Wednesday, November 12, 2014

Problems With The Big Bang (Part 1)

In this first post, I will list some problems with the big bang.



1) Inflationary Theory: In order for the big bang to be true, something known as inflation had to occur.  Unfortunately, this involves an expansion of the universe that is faster than light speed.  Consequently, inflation is impossible as it violates Einstein's relativity theory.



2) The Omega Ratio: If the big bang occurred, the density of the universe, known as the omega ratio, should be roughly equal to 1.  However, the omega ratio has been calculated to be only around .2 (80% less than expected). 



3) The universe is accelerating: If the universe was created in an explosion, the universe would expand and eventually slow down due to gravitational forces.  But it most certainly would NOT accelerate.  The expansion is clearly caused by something other than a big bang.



4) Violations of thermodynamics: If an explosion occurred and created all matter, the matter would be heated to very high degrees.  In order for the matter to cool down, that heat would have to be transferred to some other matter.  But if all matter was created in this explosion, it would all be very hot. 
Thermodynamics states that energy transfer is always from hot to cold.  Therefore, the universe would never have cooled if it were created by a big bang.



There are other problems as well that I will address in future posts.  In the meantime, you can help my research in disproving the big bang.



http://www.gofundme.com/disprovingbigbang

1 Comments:

At December 3, 2014 at 12:58 PM , Blogger jk9357 said...

For the sake of arguing:

1) Up to the inflatory period, the expansion rate of the universe was dominated by matter and radiation, causing the universe to cool, with the matter and radiation constantly "losing" energy (it isn't actually lost, how ever the energy density decreases proportional to the increase of the energy of the Higgs field). After about 10^-35 seconds the universe was cool enough that the energy density of the Higgs field was greater than that of matter and radiation, hence inflation occurs. Inflation continues until 10^-32 seconds, at which point the Higgs field has gained so much energy it can no longer be sustained, and all the energy is released in the form of massive Higgs particles distributed virtually homogeneously throughout the universe. These Higgs particles rapidly decay into ordinary forms of matter and radiation. You will notice that the percentage of particles remaining from the actual big bang will be close to zero. In any case, neither the original particles will have violated the speed of light, as the area surrounding them has increased in size by a factor of 10^50, nor the Higgs Particles will have violated the speed of light as they came into existence due to the Higgs field.

An analogy: You have a balloon, with an ant on it running at c, the speed of light. You now inflate the balloon to 100 times it's size. The ant's speed will not have changed.

2) I believe you are referring to the Density parameter, Ω, which is the observed density p divided by the critical density pc. A universe in which Ω=1 would signify a flat universe which would continue expanding infinitely, while Ω<1 or Ω>1 would signify a closed or open universe respectively.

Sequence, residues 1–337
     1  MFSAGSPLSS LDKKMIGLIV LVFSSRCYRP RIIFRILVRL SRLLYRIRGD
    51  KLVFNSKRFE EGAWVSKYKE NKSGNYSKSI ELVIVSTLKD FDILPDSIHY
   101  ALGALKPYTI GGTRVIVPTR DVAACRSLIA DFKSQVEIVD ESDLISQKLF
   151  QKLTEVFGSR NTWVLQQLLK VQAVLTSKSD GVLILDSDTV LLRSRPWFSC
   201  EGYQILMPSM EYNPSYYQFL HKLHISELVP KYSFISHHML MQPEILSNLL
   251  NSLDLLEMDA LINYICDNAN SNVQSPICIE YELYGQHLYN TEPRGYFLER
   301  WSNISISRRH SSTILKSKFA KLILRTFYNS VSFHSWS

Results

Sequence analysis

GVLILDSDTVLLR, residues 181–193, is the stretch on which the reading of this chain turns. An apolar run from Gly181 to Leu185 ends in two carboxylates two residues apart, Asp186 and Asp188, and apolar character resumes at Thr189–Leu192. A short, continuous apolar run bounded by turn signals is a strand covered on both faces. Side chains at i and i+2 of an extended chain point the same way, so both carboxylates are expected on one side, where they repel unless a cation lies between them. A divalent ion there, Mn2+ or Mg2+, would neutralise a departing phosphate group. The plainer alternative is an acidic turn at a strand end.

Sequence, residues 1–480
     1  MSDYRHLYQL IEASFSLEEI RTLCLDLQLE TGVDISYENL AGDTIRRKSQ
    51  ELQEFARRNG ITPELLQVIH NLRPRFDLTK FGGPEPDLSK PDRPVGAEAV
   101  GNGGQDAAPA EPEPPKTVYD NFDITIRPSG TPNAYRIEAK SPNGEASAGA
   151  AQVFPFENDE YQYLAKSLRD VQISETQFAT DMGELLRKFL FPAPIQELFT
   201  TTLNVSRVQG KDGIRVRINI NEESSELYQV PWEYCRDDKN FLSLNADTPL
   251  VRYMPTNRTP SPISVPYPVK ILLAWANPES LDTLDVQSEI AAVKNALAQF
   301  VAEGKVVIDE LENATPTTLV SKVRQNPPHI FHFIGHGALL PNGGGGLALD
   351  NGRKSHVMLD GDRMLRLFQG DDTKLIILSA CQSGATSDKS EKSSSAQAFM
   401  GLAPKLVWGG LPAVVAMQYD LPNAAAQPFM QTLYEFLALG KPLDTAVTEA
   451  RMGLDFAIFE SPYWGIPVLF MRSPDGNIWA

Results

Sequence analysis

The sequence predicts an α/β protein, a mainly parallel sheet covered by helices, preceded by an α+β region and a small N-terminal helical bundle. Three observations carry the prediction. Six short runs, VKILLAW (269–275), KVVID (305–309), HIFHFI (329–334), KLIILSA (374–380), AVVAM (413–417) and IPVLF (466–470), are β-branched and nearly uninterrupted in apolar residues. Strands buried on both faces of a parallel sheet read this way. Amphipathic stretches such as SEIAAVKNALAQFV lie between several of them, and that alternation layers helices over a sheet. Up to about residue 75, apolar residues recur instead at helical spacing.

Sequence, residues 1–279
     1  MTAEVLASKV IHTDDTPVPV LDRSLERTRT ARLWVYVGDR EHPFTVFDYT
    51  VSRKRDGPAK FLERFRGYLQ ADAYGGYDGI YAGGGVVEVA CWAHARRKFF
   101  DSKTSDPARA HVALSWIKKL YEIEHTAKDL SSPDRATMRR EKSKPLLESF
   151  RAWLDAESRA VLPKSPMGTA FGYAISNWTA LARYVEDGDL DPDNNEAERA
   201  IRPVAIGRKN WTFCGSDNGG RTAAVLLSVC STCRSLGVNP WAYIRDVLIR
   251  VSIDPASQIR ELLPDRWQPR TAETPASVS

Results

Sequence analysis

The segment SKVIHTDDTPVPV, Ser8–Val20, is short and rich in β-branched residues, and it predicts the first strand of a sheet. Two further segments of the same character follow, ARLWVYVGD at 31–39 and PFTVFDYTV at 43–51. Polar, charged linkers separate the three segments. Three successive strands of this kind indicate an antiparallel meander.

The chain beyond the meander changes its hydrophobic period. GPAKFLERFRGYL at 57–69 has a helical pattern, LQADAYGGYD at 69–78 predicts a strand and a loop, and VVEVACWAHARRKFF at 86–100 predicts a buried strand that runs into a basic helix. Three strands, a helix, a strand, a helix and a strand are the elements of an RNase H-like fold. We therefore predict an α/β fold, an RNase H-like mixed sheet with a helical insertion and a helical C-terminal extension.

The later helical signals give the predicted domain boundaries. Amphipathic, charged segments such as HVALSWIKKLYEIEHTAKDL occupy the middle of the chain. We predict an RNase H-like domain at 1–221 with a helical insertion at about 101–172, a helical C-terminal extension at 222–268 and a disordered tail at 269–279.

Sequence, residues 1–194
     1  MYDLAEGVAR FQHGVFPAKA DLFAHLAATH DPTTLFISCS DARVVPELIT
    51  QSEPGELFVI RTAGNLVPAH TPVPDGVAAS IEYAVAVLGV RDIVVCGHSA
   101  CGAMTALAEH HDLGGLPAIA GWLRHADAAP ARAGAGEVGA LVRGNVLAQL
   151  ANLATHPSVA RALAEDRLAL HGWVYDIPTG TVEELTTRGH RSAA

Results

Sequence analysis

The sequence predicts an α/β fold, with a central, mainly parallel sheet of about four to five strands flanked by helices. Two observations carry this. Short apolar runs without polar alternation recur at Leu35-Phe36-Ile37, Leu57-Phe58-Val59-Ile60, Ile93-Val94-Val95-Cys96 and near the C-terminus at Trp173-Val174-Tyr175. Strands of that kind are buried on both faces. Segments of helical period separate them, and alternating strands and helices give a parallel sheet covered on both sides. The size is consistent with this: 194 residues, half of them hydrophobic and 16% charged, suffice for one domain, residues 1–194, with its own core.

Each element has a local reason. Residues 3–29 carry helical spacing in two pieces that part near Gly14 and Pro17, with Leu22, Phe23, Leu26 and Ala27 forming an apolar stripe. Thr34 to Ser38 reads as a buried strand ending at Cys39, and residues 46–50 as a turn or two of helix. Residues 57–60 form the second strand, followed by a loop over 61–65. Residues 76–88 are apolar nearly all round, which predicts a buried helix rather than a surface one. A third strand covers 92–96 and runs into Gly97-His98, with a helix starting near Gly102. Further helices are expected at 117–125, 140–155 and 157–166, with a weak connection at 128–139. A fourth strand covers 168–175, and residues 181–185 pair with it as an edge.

A study published in January 2014 suggests that
Ω = Ωm + ΩΛ = ~0.279 + ~0.724 = 1.003 ±0.067
where Ωm is the density of matter (ordinary and dark) and ΩΛ is the density of dark matter.

In conclusion, Ω doesn't need to be 1. However, the fact that it's something close to 1 corroborates the idea that our universe is indeed a flat one.

3) The universe is not accelerating, I believe what you are referring to is the accelerating expansion of the universe. This acceleration is attributed to a cosmological constant Λ. Not much is known about Λ, however it is estimated that while Λ today makes up about 68.3% of the energy density of the universe, shortly after the big bang it wasn't significantly present.

One theory states that dark matter formed during the big bang is decaying into dark energy Λ over time, which causes the expansion of the universe to accelerate.

4) The belief that an explosion occurred is incorrect. Rather, space and time were created at the instant of the big bang, so in that sense the big bang occurred everywhere, similar to the way that any given point in the universe is seemingly the center of the universe, because it looks the same in all directions.

The second argument is true. However if the universe expands, matter (and hence, energy) tries to become distributed evenly throughout the space available. So while the energy of individual particles stays the same, the overall temperature of the universe decreases because the amount of space available increases.

Final thoughts:
The big bang should not be considered as a flawless description of the history of our universe. It is simply a model which more or less explains observations of our universe. There are still lot's of unsolved problems, but generally the ΛCDM-model is the most widely accepted model, supported by our current evidence. It will be polished and improved in the years to come, but it's foundation is pretty solid.

 

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